If you look at military story, it becomes a little clearer, the Gulf War (Desert Storm and Desert Shield); Nigeria’s ECOMOG operations in Liberia, saw a succession of Generals deployed to Command periods or life-cycles of the operations. Such deployments are done with a Mission-Objective in mind, at the closure of which a suitable General for the next phase (whatever that may be ) is sourced and deployed.

In my modest opinion, the present set of service chiefs were stabilisers. They provided the stabilising effect required to re-anchor, position, and rebound our troops in 2015, which they achieved within a remarkably short period of time. Thenceforth and to date, what is needed is a consolidation phase of the operations, and a consolidator to move the Theatre of Operations, to and through its next cycle of life, lest it begins to lose traction and feats, as is seemingly the case, albeit piecemeal.  

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With the military high command appearing to be at its wits’ end and Buhari’s insistence on not rejigging the country’s security architecture despite obvious failings, how valuable would a change of tactics by the government be?
The tactical or strategy of the situation are best left to the field commanders. What the Commander-in-Chief needs to do is chart a course and timeline, identify milestones and performance indicators (call these expectations if you like), allocate resources as may be required, then go shop for the general who can deliver these to time, budget and specification. There is no shortage of generals in our Armed Forces, but the onus of responsibility for proficient results delivery lies with the President. He, and not the service chiefs, is answerable to 200 million Nigerians. It’s all up to him.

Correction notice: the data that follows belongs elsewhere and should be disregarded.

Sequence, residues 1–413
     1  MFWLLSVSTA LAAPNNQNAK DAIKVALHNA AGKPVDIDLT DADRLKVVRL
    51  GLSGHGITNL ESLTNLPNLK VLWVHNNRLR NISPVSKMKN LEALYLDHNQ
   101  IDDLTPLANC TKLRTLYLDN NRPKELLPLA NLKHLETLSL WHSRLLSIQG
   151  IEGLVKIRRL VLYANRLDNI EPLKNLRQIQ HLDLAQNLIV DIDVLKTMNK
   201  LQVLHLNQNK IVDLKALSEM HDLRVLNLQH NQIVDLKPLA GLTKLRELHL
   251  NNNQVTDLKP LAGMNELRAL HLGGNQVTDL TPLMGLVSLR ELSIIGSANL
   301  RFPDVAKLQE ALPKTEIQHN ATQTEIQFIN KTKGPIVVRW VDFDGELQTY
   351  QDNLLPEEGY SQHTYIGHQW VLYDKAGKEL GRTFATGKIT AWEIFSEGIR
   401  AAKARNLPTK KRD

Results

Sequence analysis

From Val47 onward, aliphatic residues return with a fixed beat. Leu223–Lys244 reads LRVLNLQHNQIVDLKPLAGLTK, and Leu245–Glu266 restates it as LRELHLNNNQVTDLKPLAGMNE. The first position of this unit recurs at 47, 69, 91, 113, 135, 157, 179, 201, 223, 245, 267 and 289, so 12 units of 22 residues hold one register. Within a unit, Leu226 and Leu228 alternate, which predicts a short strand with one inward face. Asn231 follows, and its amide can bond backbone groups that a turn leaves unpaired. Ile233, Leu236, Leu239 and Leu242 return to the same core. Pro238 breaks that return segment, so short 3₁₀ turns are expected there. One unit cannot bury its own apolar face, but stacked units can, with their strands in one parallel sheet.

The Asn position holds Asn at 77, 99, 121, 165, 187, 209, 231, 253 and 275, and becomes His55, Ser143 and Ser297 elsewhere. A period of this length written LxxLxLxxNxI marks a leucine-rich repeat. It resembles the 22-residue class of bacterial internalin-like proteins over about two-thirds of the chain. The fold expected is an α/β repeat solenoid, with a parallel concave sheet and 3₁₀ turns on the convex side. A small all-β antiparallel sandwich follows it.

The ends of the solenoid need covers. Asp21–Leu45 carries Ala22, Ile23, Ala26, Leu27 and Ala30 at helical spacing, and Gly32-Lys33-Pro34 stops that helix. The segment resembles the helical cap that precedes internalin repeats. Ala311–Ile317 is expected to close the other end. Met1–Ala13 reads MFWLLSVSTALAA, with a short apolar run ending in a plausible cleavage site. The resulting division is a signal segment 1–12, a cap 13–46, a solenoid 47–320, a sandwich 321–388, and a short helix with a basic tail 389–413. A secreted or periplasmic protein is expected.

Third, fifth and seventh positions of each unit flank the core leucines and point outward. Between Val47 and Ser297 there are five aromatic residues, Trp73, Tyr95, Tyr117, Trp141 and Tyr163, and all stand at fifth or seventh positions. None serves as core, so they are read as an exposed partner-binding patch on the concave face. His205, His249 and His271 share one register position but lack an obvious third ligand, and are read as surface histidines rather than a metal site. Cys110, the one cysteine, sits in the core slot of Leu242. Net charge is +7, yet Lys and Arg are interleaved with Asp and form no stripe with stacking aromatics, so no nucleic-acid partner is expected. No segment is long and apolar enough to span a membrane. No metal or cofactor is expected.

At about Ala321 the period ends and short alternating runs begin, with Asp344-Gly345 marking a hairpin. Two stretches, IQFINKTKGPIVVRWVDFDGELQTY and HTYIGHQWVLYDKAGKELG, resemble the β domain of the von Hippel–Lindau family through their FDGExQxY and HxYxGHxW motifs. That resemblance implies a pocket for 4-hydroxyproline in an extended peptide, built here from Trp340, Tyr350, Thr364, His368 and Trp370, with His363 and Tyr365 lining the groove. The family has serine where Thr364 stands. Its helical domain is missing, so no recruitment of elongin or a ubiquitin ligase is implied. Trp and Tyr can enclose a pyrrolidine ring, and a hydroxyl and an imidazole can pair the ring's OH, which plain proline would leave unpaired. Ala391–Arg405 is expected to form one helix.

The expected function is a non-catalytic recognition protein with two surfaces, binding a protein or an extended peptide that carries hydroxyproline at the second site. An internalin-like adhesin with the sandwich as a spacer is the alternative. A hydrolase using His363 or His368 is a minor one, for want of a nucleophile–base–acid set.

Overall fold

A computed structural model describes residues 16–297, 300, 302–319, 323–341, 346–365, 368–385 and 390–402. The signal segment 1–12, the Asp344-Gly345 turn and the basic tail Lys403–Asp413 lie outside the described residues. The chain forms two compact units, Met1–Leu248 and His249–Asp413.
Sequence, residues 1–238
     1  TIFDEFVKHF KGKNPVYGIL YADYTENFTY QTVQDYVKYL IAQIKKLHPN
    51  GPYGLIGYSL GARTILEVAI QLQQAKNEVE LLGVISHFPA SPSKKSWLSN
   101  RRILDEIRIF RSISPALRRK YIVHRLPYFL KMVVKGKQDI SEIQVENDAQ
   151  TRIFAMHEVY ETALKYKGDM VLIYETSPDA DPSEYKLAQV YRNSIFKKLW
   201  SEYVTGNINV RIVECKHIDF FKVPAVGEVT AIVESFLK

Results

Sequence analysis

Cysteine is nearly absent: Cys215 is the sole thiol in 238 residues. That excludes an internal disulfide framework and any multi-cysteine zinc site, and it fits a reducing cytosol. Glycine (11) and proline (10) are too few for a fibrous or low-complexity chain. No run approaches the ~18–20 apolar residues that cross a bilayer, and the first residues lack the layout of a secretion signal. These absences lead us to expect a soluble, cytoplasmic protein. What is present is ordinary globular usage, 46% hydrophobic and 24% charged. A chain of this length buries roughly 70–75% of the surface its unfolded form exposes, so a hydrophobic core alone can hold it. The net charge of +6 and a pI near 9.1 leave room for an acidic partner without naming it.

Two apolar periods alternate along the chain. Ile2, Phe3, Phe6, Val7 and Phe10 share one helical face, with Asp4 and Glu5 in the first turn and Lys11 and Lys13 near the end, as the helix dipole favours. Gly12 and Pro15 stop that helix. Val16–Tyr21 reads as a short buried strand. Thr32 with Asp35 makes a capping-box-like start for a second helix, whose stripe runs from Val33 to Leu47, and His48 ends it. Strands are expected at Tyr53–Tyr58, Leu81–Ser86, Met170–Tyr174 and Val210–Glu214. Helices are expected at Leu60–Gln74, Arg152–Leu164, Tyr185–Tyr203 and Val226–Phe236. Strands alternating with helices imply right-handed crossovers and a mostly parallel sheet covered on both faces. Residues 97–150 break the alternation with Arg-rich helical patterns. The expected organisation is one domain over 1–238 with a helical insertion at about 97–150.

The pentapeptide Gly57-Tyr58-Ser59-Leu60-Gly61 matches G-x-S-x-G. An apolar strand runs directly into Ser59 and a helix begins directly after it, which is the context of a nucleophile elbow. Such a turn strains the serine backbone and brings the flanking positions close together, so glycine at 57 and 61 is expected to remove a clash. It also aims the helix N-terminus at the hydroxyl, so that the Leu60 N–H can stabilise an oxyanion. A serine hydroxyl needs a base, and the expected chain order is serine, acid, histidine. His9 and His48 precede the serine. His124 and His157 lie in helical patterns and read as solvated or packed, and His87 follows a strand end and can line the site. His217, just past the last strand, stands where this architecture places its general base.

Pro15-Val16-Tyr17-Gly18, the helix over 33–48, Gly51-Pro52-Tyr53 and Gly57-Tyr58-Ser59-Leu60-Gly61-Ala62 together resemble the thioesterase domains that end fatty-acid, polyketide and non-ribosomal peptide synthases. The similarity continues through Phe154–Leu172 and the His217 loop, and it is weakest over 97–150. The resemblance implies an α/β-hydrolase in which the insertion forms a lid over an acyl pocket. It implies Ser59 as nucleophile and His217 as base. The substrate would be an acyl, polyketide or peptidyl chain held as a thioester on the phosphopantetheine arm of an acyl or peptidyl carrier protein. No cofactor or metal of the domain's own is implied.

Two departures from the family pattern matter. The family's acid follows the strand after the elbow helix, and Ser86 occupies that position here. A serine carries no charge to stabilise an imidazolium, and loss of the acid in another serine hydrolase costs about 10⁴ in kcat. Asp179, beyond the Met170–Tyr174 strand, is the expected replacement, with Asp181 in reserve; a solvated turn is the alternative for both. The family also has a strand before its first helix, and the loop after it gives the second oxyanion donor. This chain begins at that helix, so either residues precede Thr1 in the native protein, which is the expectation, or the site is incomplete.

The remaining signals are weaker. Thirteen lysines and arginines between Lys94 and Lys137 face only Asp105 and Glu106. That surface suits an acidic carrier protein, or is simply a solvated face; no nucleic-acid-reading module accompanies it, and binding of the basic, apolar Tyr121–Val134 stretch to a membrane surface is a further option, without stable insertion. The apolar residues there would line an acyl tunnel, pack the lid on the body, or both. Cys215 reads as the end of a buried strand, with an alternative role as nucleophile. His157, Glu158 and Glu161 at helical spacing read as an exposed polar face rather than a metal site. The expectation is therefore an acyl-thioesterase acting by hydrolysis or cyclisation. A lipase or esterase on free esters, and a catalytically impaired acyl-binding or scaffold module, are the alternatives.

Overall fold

The Defence Headquarters (DHQ) claimed that terrorists killed 81 persons in Borno State as punishment for the residents revealing their locations to the military. What becomes of the fight against terrorism if citizens pay with their lives for helping the military with intelligence?
That sounds like afterthought to me; so what do we say of those who were killed in the past or abducted, even when no information was passed to the authorities? To be honest, no pawn intended please, I think offering reasons why persons were killed should be done in ways that do not dilute the reckoning the citizenry has for the person offering the information. We have work to do as a nation, and the options and solutions for our quandaries are ample, and available. What the country is in dire need of today is cost-effective and efficiency driven results, nothing else. 

Again, hundreds of Katsina youths on Tuesday embarked on a peaceful protest, calling for the immediate resignation of President Muhammadu Buhari over the deteriorating security challenges bedevilling the North West region and Katsina State in particular. Are these protests not long overdue in other parts of the country?
What makes them overdue? Protests are not new to democracies and vice-versa. What I would rather consider about the protest is not the due or overdue thing, rather, against the backdrop of the killings the protests are a feedback mechanism on the kind of results that the citizens are getting, concerning security in their homesteads. The protests constitute citizens’ response to the social stimuli of fear, insecurity and helplessness.